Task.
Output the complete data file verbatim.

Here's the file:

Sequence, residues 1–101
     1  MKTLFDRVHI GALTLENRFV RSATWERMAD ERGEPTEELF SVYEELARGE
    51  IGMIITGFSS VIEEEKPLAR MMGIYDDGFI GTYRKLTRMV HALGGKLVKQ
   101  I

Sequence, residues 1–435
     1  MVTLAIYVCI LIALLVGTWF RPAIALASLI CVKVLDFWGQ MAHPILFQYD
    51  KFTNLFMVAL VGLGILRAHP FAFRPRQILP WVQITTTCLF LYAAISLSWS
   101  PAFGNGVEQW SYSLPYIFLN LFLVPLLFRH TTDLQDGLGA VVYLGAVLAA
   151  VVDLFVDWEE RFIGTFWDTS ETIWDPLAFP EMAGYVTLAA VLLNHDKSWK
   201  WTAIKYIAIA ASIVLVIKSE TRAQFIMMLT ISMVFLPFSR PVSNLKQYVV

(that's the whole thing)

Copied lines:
Sequence, residues 1–101
     1  MKTLFDRVHI GALTLENRFV RSATWERMAD ERGEPTEELF SVYEELARGE
    51  IGMIITGFSS VIEEEKPLAR MMGIYDDGFI GTYRKLTRMV HALGGKLVKQ
   101  I

Sequence, residues 1–435
     1  MVTLAIYVCI LIALLVGTWF RPAIALASLI CVKVLDFWGQ MAHPILFQYD
    51  KFTNLFMVAL VGLGILRAHP FAFRPRQILP WVQITTTCLF LYAAISLSWS
   101  PAFGNGVEQW SYSLPYIFLN LFLVPLLFRH TTDLQDGLGA VVYLGAVLAA
   151  VVDLFVDWEE RFIGTFWDTS ETIWDPLAFP EMAGYVTLAA VLLNHDKSWK
   201  WTAIKYIAIA ASIVLVIKSE TRAQFIMMLT ISMVFLPFSR PVSNLKQYVV